Among users, 42% apply the programs only to finding healthier selections among new items, the rest applying it to regular purchases alone (7%) or both regular and new items (51%). Perhaps most importantly, 43% said they absolutely make healthier choices now than before using the programs and 36% said they maybe make more healthful choices now.

Among retailers offering a program, 54.8% said it is influencing consumer choices at least “somewhat,” while 9.7% said it is influencing choices “a lot,” according to the Speaks report.

Not everyone regards nutritional information programs in a positive light. “These methods make sense if you think a slightly healthier junk food is a good choice for health,” said Marion Nestle, professor in the department of nutrition, food studies and public health at New York University. “I don't.” She views them as “entirely about marketing.”

But other nutrition experts see value in the retailer programs. “All the technical nutrition details can become information overload to consumers,” said Lauren Swann, a registered dietitian and nutrition marketing communication strategist based in Bensalem, Pa., who is an unpaid advisor to NuVal and has been a paid consultant for Nutrition iQ. “They need a quick hit, with concise information. The retailer and front-of-package programs are a way to capture the most important basics for them. I think that's helpful.”

Retailers, Swann added, “want to genuinely play a role in achieving public health goals.” And by addressing consumers' multitude of questions about diet and health, they become more attractive to shoppers. “I don't think retailers are necessarily seeing this as a profit driver,” she said. “But it fits into their business model.”

But Swann would like improvements in the labeling programs. For example, she believes more of them should incorporate nutrient density per calorie, rather than simply focusing on controlling calories, fat, sodium and other negative factors. Bill Bishop, chairman of Willard Bishop LLC, Barrington, Ill., observed that the current systems have not sufficiently reflected the impact of nutrients like phytochemicals, which can significantly impact health outcomes.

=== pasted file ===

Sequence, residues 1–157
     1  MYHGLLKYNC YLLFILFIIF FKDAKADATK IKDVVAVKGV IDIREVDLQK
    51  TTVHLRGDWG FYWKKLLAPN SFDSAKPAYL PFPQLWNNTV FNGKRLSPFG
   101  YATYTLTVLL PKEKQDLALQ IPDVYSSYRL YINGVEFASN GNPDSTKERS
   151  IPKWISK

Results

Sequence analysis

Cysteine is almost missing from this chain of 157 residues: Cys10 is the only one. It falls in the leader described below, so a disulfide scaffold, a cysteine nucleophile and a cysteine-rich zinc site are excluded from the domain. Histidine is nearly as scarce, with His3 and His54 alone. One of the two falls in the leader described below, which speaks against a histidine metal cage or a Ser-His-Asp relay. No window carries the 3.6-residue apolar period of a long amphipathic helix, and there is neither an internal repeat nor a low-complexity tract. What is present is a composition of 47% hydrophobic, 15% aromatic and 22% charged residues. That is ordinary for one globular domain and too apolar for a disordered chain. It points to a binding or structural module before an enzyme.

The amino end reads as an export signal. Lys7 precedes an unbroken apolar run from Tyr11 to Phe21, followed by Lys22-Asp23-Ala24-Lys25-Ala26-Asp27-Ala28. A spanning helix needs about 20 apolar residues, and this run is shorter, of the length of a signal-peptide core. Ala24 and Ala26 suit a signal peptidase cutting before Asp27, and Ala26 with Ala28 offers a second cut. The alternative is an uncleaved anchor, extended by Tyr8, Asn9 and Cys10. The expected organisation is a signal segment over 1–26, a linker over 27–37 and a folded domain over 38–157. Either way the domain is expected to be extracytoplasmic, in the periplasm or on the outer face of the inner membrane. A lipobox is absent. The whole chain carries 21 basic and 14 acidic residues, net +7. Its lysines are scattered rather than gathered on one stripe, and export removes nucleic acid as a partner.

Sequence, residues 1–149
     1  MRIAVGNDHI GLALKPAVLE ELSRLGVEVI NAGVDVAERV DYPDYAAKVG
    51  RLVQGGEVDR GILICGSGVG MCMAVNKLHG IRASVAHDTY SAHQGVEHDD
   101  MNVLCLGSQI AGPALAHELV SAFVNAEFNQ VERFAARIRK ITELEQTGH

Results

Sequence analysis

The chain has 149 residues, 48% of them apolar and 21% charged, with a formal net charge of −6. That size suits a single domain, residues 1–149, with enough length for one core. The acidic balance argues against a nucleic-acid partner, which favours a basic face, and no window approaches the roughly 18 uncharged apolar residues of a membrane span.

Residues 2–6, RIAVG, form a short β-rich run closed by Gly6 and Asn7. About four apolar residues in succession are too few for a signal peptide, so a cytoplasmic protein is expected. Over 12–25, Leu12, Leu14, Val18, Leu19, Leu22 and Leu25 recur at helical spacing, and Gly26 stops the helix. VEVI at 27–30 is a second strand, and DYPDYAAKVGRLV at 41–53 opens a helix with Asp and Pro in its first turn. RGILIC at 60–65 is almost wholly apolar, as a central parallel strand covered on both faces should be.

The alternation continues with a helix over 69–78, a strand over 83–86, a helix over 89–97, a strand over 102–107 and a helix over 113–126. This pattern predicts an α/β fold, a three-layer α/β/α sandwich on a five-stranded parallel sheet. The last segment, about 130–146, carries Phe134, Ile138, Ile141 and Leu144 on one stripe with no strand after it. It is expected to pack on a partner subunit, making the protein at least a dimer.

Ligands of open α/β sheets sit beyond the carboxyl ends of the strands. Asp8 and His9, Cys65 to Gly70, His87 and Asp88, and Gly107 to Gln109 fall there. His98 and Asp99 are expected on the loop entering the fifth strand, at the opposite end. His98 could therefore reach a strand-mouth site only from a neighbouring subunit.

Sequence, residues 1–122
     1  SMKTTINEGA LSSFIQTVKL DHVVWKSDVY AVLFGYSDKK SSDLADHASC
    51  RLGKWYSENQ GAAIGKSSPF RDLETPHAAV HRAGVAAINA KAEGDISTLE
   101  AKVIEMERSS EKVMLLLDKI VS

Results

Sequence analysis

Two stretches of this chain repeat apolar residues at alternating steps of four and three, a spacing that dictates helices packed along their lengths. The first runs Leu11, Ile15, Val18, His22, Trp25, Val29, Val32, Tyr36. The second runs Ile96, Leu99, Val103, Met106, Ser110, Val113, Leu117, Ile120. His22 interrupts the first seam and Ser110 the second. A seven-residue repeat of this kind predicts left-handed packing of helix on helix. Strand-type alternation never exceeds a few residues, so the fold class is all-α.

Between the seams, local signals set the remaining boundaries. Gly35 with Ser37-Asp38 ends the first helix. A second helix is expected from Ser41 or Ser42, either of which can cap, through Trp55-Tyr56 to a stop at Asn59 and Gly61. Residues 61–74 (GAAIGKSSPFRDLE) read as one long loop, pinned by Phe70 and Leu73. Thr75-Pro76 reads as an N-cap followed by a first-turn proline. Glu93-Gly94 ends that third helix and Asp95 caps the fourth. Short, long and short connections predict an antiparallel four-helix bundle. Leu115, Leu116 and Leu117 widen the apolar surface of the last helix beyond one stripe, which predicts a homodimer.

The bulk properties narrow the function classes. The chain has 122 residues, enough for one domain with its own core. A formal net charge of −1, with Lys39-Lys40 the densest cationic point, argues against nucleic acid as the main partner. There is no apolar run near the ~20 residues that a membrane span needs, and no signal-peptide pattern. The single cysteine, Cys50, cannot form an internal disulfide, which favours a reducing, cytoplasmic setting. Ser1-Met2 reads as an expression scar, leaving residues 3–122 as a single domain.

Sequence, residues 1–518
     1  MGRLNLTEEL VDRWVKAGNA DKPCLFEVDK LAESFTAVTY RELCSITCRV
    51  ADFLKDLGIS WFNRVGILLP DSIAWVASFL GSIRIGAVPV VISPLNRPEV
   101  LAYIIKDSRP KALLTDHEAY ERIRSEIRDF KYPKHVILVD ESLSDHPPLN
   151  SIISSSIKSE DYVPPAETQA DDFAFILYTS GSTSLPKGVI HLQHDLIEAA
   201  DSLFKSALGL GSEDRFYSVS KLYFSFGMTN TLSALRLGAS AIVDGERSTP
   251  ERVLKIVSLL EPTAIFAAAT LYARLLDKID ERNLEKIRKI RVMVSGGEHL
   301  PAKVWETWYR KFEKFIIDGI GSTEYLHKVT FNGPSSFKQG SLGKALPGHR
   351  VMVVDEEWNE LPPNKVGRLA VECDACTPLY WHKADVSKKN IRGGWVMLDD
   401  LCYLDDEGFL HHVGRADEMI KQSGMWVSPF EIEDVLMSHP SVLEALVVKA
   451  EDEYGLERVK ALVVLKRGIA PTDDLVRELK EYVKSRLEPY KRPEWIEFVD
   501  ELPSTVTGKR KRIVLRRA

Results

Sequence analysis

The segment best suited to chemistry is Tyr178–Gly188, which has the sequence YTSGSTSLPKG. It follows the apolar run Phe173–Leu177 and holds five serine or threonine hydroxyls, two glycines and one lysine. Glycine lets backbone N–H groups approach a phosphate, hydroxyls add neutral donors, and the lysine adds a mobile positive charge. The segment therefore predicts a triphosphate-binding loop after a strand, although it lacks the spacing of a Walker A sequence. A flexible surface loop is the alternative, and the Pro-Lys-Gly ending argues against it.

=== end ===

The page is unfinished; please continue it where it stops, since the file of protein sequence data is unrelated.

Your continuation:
Swann also professed to being mystified at times by the rating and ranking programs. “How does something as wholesome as an egg end up not being as good as a diet lemonade?” she asked. And she sometimes sees inconsistencies between how systems like NuVal and Guiding Stars rate a product. “There needs to be a more consistent playing field,” she said, “so people can see these things all in the same perspective.”

To that end, Swann thinks regulation of rating systems by the Food and Drug Administration is needed. While the FDA regulates retail shelf labeling claims like low sodium or heart healthy as it does for labels and claims on packaging, the agency does not currently regulate shelf tags with scores or ratings. But this regulation could be coming, she noted, pointing out that in April 2010 the FDA announced it was seeking comment and information on both front-of-package labeling and shelf-tag symbols.

The retail labeling programs have also raised questions about whether manufacturers are influencing what labels say about their products — either directly or as a result of retailers not wanting to offend their suppliers.

When retailer nutritional guidance programs first emerged, manufacturers were “concerned about any information that would work to the disadvantage of their products,” Bishop said. However, not being able to get enough retailers together to have a “collective discussion” about the programs, manufacturers shifted to developing the front-of-package Nutrition Keys program, he said. “If nutrition information is more prominent in the store, front-of-package programs give them a chance to put it in the context they want to have it in.”

Retailers using the programs insist they get little pushback from manufacturers and when they do they are able to address it satisfactorily. “When the programs started there might have been a little influence there, but I don't think that's what's driving them now,” said Swann. Moreover, many large CPG firms like General Mills and PepsiCo have made a concerted effort to come out with more nutrient-rich products, she noted.